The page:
Following up his rapturously received Boyhood was never going to be a simple task for Richard Linklater, but with Everybody Wants Some, he returns to the ensemble coming of age genre that he made his name with in 1993 with Dazed and Confused. After two serious and masterful looks at normal human life (Boyhood and Before Midnight), Linklater proves that he’s lost none of his flair for comedy in a very funny and very charming look at the bizarre rules and rituals of male friendship. Focusing in on a group of baseball scholarship students at the start of their 1980 college year, Everybody Wants Some develops plenty of likable, well-drawn characters that pull further and further away from typical stereotypes the more time you spend with them.
Although this entry into Linklater’s canon has most in common with Dazed and Confused, it also acts as a sequel of sorts to Boyhood. With Boyhood ending just as Mason moves into college, Everybody Wants Some focuses on the Friday night and weekend before the start of actual classes. It’s a true ensemble piece, with at least two characters on screen in almost every frame, but if you had to pick a lead, it would be new student and late arrival to the baseball house Jake (Blake Jenner).
The second he arrives at his new home, he’s faced with macho hostility and idiot schemes, but it takes less than an afternoon for him to bond with his housemates. One disco trip and drunken house party later and they’re firm friends. There’s very little plot to speak of, and this looseness in the story perfectly captures the aimlessness of the tail end of the summer. Linklater also does an amazing job of capturing the constant identity changes brought about by the first few days of university – the boys are consistently united by their baseball team, but flit from disco-goers to cowboys to punks in search of a good time before they have to start ‘real life’.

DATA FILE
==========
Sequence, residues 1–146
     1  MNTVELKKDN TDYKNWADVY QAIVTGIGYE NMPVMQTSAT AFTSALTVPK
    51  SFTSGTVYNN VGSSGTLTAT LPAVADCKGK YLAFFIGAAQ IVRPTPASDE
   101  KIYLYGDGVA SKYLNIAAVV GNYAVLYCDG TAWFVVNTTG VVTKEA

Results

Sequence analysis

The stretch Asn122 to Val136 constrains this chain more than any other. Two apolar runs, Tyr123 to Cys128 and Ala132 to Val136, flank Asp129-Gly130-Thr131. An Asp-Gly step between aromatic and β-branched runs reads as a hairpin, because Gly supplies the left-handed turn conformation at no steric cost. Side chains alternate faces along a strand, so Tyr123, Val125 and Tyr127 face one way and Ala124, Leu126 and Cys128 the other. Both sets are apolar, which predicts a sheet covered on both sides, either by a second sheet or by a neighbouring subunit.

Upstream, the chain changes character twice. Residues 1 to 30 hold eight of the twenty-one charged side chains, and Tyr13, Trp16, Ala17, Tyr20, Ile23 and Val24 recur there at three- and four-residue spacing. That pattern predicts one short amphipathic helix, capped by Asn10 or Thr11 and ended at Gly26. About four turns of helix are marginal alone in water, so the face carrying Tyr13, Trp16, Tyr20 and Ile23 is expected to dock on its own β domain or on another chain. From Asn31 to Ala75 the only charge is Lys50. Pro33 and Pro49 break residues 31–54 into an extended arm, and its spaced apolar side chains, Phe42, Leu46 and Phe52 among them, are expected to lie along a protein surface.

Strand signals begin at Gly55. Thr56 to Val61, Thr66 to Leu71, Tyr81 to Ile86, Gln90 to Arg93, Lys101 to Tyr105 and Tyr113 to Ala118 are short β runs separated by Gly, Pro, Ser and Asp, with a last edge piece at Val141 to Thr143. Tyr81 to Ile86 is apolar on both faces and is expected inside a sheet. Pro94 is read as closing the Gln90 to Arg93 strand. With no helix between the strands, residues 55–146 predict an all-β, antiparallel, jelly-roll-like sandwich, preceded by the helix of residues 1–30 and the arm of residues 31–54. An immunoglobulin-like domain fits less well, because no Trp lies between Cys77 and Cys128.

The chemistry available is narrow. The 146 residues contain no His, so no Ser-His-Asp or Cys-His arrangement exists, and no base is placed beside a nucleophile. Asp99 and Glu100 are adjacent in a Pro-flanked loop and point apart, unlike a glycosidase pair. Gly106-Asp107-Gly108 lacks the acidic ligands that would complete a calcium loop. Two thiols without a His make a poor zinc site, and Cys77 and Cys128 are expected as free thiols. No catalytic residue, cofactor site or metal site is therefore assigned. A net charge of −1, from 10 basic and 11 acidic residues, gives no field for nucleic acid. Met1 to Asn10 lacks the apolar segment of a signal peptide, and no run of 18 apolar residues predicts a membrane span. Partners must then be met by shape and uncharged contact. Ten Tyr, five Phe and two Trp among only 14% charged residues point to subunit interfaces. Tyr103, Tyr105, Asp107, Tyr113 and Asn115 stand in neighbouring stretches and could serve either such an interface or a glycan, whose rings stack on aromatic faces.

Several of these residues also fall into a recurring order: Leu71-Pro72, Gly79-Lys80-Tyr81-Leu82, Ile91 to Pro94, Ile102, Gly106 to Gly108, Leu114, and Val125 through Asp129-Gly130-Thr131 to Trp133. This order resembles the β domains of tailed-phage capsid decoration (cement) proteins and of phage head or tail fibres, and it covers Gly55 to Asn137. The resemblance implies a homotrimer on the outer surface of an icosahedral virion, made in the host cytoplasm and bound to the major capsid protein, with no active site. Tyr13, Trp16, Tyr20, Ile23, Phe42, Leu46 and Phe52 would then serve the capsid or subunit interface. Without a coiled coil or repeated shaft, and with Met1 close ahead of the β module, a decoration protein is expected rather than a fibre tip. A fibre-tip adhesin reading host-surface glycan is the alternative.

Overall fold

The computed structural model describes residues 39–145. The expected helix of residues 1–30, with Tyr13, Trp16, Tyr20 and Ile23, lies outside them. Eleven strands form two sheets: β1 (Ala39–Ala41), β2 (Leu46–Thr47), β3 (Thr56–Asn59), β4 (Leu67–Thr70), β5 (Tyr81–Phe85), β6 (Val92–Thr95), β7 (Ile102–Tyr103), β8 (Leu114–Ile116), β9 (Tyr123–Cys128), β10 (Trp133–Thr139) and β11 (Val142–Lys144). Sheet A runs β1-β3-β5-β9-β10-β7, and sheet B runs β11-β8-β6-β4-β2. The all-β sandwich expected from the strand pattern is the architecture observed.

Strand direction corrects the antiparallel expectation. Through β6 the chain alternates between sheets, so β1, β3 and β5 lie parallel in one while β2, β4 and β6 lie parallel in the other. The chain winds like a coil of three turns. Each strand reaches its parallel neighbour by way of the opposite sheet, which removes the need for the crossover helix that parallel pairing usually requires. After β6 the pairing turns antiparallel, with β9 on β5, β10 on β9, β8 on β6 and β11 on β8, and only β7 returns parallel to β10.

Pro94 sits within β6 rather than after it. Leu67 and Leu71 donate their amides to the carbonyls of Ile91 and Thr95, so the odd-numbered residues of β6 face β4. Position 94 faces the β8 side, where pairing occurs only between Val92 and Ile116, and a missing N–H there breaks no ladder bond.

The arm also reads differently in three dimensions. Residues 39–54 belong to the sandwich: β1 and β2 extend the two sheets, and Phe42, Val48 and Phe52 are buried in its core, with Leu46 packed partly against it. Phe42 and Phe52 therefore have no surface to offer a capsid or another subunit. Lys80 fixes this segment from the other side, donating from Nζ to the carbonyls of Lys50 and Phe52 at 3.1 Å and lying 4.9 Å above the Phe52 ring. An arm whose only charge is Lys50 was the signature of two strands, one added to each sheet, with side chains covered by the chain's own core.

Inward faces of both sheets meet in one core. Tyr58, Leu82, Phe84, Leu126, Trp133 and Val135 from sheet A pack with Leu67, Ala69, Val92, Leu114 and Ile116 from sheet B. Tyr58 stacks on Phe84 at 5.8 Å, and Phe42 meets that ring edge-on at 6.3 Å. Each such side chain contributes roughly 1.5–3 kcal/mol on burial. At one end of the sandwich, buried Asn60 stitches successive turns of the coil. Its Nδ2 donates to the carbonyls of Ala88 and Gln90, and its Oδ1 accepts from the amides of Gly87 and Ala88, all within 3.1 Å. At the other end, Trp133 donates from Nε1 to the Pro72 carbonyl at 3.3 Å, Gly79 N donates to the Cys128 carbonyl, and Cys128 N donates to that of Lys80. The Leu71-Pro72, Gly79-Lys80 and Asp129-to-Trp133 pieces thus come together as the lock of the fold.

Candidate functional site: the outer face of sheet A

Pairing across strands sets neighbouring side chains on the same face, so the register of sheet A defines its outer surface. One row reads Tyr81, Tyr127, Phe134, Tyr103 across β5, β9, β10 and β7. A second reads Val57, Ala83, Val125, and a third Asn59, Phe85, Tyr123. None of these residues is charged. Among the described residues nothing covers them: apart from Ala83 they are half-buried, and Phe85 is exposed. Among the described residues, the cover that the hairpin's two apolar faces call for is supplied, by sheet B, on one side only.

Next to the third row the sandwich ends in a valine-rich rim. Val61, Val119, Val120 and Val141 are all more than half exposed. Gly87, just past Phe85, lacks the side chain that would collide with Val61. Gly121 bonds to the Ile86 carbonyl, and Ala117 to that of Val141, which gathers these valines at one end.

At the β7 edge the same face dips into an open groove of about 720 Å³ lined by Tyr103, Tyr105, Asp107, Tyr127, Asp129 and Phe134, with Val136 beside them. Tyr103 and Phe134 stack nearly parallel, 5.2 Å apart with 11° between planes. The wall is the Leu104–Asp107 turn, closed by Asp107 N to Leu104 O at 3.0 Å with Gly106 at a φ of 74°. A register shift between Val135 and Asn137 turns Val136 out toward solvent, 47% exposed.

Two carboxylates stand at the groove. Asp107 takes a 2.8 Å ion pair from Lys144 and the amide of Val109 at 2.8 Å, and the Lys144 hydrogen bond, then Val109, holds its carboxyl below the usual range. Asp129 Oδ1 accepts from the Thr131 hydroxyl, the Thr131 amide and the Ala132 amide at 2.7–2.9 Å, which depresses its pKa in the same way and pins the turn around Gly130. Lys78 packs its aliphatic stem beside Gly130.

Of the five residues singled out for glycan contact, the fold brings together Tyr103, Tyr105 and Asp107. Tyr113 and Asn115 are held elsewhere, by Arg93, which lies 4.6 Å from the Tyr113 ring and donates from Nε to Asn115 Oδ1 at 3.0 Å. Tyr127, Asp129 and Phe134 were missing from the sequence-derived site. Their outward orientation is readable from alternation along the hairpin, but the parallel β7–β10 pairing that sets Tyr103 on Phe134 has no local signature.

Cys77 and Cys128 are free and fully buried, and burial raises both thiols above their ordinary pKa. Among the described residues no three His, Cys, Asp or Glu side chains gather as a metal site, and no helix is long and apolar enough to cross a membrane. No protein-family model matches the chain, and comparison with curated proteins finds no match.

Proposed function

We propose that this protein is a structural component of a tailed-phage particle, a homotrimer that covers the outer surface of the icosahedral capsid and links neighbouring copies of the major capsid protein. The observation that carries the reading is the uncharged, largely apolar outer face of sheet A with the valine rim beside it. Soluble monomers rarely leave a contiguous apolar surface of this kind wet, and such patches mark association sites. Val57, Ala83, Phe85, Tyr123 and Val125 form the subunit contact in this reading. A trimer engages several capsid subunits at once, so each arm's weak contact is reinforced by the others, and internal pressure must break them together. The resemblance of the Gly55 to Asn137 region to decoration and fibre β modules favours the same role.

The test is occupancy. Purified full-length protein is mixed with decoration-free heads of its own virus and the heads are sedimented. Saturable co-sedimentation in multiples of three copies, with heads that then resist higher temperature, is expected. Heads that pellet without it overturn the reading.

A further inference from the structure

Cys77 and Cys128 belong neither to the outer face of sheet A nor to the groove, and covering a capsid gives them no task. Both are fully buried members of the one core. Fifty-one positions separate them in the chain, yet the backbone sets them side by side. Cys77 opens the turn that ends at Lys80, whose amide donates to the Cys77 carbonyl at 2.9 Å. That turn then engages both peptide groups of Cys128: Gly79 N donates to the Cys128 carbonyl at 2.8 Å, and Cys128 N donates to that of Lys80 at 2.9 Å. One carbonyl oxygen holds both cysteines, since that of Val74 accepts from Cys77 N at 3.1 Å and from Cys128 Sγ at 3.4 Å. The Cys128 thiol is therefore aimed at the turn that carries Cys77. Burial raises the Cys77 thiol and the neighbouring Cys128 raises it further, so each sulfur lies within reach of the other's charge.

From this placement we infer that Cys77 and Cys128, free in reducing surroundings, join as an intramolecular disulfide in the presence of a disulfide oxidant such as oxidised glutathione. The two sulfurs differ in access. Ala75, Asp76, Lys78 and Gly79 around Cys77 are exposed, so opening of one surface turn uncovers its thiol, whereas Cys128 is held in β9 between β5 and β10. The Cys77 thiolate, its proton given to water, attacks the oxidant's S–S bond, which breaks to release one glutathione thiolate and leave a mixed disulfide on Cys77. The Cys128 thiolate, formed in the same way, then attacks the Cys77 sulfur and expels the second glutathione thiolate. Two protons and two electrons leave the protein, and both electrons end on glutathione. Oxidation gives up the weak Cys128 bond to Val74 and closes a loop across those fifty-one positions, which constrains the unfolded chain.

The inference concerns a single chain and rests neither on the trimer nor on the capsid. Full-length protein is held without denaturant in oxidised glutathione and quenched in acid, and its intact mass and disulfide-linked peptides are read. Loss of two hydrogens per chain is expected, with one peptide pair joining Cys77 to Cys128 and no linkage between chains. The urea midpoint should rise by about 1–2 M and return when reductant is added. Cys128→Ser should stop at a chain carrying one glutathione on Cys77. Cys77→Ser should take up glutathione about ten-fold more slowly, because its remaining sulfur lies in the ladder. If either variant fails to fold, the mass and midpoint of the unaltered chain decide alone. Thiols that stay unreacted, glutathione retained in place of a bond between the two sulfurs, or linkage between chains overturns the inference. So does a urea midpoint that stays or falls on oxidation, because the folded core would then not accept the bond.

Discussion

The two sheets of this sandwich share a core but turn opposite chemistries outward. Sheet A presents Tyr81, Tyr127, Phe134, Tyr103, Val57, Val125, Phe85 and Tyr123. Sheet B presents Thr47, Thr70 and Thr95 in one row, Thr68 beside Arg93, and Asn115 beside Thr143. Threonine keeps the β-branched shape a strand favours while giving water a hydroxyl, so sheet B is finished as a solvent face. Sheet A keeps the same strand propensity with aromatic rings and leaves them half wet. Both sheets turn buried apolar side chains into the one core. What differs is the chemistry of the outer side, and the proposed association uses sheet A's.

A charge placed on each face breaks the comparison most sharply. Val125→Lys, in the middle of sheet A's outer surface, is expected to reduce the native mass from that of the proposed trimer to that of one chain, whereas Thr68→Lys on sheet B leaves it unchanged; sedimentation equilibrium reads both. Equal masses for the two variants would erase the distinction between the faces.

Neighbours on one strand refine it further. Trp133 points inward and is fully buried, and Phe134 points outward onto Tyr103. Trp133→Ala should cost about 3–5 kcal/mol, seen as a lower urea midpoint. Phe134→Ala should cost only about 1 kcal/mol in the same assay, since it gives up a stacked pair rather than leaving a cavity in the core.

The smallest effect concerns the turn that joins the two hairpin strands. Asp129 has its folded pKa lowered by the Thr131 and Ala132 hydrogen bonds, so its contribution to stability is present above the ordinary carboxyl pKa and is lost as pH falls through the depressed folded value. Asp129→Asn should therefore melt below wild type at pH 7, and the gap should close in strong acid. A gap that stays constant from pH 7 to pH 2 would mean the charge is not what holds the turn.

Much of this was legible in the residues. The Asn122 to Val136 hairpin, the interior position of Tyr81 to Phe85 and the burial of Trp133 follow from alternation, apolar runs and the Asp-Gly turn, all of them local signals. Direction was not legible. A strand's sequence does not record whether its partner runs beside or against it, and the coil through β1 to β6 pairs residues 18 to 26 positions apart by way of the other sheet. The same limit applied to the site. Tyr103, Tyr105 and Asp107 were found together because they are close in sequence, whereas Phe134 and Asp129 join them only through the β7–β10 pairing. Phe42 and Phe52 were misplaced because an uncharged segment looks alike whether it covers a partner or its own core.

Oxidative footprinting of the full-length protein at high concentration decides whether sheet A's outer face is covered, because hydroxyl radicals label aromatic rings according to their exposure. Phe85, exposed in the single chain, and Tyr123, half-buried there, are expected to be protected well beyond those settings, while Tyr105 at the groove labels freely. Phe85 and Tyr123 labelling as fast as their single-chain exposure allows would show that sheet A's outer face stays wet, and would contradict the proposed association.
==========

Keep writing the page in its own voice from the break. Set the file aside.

There are occasional pacing dips, but for the most part you feel as if you are floating through the weekend with the characters. A mellow but exciting energy courses through the whole film, and the ‘80s vibe is so excellently realised, from the production design to the facial hair, that leaving the world of Everybody Wants Some is rather difficult. Even the sunlight invites you in – in keeping with the idealised summer memories tone, there isn’t even a hint of bad weather. On top of all this technical excellence, Linklater’s script keeps the gentle laughs coming throughout the length of the film. It’s not as raucously funny as this year’s other top comedies like Hail Caesar and The Nice Guys, but there’s a bit more warmth behind the comedy here; you’re mainly laughing with, not at, the characters.
Relative unknowns make up the cast, and not only do they all do great jobs (Glen Powell and Juston Street make particularly strong impressions as a philosophical ladies’ man and an over-competitive lunatic respectively), the lack of star power adds the necessary authenticity to this college life tale. A couple of supporting players get lost in the shuffle, but a cast this big having as many memorable members as it does is a grand achievement. It might be too testosterone-fuelled for some, but this leisurely look at 80s youth and male bonding is a relaxing treat for anyone who wants to look fondly back at the ending of their last school summer.